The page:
Service users and survivors who work in a behavioral health settings are faced with important questions about whether or not to share their lived experience and when. We may ask ourselves: Am I ready? What about the risks and politics of disclosure? How do I address an associated expectation or barrier, or deal with the possibility of discrimination? What kind of support is available to me in the process?
These questions don’t come with easy answers. Decisions regarding disclosure in the workplace are often informed by individual circumstance such as social or financial resources, local culture, the need for accommodations, our relationship to the experience, and the degree of risk – real or anticipated – associated with sharing our particular story.
While support is key, its availability and messages are as varied as our roles – e.g. lived experience with mental health service use is a qualification for peer specialists, while doctors and nurses are often advised never to share such information, as if it’s incompatible with the “professional” role.
But these divides can perpetuate harmful stereotypes, stressful cultures of secrecy, feelings of isolation, and inauthentic, hierarchical relationships in service delivery. Motivated to explore these issues and more, I’m pleased to announce Sharing Experience Lived Firsthand (SELF). Sponsored by the Lived Experience Research Network (LERN), Directed by Casadi Marino, and with staff collaborators Hector Zayas, Beckie Child, and myself, Vanessa, this 2014 BRSS TACS grant-funded project will look at first-person accounts of disclosure with distress and mental health service use in behavioral health settings. Our goal is to make diverse perspectives available for consultation and to empower community members by offering support, information and options.
Here’s Where We Need You!
If you’ve made decisions about whether or not to share your lived experience while working in behavioral health settings, your input is vital to the creation of user/survivor informed and generated resources – webinar, pamphlets and guidebook. These will be made available to folks across the country who are considering the risks and benefits of “coming out,” wondering if it’s right for them or where to begin.
To Share your Experience Lived Firsthand, stay tuned in the coming weeks for web-based surveys and project updates – or contact: Vanessa: [email protected]; Khaki: [email protected]; or Beckie: [email protected] Until then, we hope you’ll enjoy “meeting” Project Director Khaki (Oregon) and staff collaborator Vanessa (Massachusetts) through our SELF interviews below:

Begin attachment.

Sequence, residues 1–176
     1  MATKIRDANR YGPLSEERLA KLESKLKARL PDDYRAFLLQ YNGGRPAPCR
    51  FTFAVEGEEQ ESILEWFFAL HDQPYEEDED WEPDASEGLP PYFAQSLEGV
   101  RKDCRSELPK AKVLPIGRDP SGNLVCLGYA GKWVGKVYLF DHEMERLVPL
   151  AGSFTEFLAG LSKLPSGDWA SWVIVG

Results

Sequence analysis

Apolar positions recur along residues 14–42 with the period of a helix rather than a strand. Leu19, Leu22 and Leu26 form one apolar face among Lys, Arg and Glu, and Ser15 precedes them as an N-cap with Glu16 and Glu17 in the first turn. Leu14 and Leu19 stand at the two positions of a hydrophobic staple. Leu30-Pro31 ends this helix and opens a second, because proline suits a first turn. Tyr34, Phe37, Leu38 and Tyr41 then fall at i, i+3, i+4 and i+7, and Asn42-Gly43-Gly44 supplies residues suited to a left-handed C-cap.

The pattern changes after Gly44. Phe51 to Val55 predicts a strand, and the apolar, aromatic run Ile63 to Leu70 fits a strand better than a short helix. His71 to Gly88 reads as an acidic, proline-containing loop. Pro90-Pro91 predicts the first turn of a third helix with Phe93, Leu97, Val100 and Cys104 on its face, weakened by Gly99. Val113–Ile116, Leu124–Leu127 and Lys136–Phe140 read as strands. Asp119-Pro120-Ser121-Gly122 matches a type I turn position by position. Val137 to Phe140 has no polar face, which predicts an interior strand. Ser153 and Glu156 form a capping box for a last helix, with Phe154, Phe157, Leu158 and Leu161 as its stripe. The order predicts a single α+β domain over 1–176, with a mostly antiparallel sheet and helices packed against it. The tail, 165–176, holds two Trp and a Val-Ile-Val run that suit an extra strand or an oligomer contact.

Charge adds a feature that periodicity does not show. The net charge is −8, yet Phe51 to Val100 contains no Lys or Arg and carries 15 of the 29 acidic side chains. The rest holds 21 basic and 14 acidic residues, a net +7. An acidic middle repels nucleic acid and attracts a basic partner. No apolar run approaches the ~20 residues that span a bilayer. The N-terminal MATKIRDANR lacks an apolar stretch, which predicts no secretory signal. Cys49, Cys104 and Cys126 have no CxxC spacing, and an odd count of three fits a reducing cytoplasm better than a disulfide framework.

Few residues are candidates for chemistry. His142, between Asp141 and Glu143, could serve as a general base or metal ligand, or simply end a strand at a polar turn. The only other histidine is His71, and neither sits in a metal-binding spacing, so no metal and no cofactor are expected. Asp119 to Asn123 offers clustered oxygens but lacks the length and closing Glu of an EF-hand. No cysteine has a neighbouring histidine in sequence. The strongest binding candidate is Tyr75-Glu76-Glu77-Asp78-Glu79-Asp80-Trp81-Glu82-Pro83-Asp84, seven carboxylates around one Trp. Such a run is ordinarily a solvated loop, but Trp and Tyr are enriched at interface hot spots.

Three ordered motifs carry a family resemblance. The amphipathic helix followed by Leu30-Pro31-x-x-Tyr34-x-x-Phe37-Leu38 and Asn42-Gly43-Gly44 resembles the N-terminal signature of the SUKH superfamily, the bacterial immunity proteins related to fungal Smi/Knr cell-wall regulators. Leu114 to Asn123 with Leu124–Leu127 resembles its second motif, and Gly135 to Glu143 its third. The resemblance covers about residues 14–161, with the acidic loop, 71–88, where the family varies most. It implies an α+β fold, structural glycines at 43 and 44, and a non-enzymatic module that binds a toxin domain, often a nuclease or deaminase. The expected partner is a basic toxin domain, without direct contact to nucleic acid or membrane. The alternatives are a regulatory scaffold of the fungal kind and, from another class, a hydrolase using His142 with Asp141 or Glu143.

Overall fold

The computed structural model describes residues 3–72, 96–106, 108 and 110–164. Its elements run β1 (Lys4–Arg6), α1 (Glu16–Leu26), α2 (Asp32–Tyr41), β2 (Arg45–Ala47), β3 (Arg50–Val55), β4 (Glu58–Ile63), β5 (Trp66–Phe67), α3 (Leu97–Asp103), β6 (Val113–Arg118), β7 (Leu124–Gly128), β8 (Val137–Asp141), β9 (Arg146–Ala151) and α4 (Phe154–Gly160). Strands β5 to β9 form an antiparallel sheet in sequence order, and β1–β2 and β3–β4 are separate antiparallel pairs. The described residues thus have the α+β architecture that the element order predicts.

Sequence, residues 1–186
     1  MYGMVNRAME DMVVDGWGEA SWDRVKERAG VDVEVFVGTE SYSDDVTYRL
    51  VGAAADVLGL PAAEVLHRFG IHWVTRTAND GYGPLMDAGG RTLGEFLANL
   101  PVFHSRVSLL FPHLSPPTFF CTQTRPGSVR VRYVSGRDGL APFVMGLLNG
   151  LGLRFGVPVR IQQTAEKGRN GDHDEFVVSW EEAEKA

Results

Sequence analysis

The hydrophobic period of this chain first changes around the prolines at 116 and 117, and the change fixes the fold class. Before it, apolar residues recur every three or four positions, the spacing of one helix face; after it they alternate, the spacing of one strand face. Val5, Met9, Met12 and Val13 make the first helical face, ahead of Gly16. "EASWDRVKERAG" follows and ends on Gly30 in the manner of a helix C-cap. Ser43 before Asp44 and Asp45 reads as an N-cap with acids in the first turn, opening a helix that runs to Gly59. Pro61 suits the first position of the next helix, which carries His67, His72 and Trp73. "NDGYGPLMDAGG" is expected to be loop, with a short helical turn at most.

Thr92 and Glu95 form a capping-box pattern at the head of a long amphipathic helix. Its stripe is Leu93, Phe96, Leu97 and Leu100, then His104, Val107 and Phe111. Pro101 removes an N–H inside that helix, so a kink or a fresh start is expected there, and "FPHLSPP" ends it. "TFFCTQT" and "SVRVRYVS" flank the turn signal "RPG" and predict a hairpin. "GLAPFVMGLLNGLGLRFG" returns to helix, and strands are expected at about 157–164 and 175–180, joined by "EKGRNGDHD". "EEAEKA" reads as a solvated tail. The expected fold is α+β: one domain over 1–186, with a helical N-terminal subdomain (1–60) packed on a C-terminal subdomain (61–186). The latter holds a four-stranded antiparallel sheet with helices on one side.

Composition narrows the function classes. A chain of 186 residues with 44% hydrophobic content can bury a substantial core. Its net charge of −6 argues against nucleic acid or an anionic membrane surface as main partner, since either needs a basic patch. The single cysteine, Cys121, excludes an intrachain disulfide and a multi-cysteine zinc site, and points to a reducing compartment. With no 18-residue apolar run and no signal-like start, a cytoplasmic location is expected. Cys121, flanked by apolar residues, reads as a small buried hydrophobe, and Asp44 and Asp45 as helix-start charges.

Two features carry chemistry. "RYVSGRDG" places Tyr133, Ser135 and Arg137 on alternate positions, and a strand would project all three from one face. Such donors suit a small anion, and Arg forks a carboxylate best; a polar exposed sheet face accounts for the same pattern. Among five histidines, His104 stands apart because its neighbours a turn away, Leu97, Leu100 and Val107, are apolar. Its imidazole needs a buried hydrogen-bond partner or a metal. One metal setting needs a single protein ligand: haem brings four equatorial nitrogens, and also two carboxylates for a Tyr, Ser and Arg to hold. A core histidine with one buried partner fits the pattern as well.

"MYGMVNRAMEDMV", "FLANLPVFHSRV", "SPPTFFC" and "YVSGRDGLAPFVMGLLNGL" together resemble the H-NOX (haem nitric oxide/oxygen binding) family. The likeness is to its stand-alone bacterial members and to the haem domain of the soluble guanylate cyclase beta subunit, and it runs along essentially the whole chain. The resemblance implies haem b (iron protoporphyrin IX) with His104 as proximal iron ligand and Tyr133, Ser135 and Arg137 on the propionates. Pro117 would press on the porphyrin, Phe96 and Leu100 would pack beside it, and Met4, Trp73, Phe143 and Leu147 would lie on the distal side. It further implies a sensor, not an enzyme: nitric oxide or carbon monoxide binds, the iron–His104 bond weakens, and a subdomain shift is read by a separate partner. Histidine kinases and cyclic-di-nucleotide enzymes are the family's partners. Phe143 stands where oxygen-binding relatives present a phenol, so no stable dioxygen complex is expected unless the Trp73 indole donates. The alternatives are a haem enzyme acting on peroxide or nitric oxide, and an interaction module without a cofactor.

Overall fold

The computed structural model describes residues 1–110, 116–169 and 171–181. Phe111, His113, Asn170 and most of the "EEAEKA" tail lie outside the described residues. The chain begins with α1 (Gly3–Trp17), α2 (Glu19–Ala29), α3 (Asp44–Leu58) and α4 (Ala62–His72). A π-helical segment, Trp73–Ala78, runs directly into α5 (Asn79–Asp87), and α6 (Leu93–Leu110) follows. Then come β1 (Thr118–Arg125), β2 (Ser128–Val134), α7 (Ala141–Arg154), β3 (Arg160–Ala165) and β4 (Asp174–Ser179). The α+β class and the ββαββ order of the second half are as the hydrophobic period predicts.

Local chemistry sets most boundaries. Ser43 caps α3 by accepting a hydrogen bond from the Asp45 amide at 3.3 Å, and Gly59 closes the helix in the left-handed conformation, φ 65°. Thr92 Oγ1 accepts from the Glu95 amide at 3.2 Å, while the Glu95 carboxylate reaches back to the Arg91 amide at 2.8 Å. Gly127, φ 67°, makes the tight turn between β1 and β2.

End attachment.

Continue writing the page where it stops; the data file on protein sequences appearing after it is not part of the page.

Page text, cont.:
How Did You End up in the Mental Health System?
Vanessa: At 15, I suddenly felt completely alien, not in my body. I had some far out experiences, altered perceptions, and I was terrified. I turned to running and dieting to manage it all, which, in an sense, were acceptable ways for women in my community to cope. But this quickly got out of hand. I lost too much weight and drifted from friends because I didn’t think they’d understand this part of me. I mean, I didn’t understand, so how could I begin to explain?
I kept quiet and transferred schools, hoping to live anonymously to get through whatever this was and back to some narrow idea of normal. But that didn’t solve anything. I missed my friends. People worried. I stopped doing what I loved – dance, running and field hockey. My parents took me to a doctor and I told her as much as I could, which was that I was afraid something was really, really broken about me.
Then came the family history. The doctor discovered both my grandmother and mother had been in a psychiatric hospital, which I think answered her questions. I was told the broken-brain story of illness, which led to more distress, more isolation, and 17 years on multiple medications that for me didn’t help and almost cost me my life.
But looking back, I was just a kid, frightened to realize something was different about me, that I was attracted to men and women – that I was bisexual – and reliant on a family that believed same-sex relationships are wrong. And at that time home just wasn’t always an emotionally or physically safe place. My parents were loving in ways, but absolutely going through their own very hard times. But all this took me years to understand. At 15, I was just caught, panicked, feeling like I had to choose between social and family support and being honest about what was happening. So I erased parts myself. It’s a formula to drive anyone mad. But, there’s no DSM code for that.
What Does Disclosure Mean to You?
Vanessa: Disclosure has felt more like a process of becoming than a single conversation. For me it’s been about shedding the shame that comes with being told there’s something wrong with you, which, trauma and psychiatric labels aside, we’ve all been told by virtue of exposure to endless cultural messages and commercial activity trying to sell us a better version of ourselves.
Of course the hiding or “passing” some part of ourself is a pretty universal phenomenon. We all do it to some extent, disowning parts then hanging out other parts for the whole world to see. But the difference for people who suffer in extreme ways, or who are different in ways that people can’t or are afraid to connect with, is that that experience is by definition the thing we’re expected to hide. Maybe not sharing these parts makes sense as a kind of strategy since discrimination is real and no one wants to be hurt or misunderstood. It may also be true that someone’s naturally a private person, or they don’t yet have the language with which to talk about it. For me it was all those things. But my silence came to embody the awful message that this really big part of my life wasn’t valuable, that it was something to be kept quiet, overcome and left behind. And my experiences only became more meaningful overtime, to the point of guiding my spiritual practice, relationship and career choices. Had I not been a patient for almost 20 years, I don’t think I’d have a sense that anything even needs to change. That message just isn’t in our textbooks.
What Were Your Concerns About Disclosure?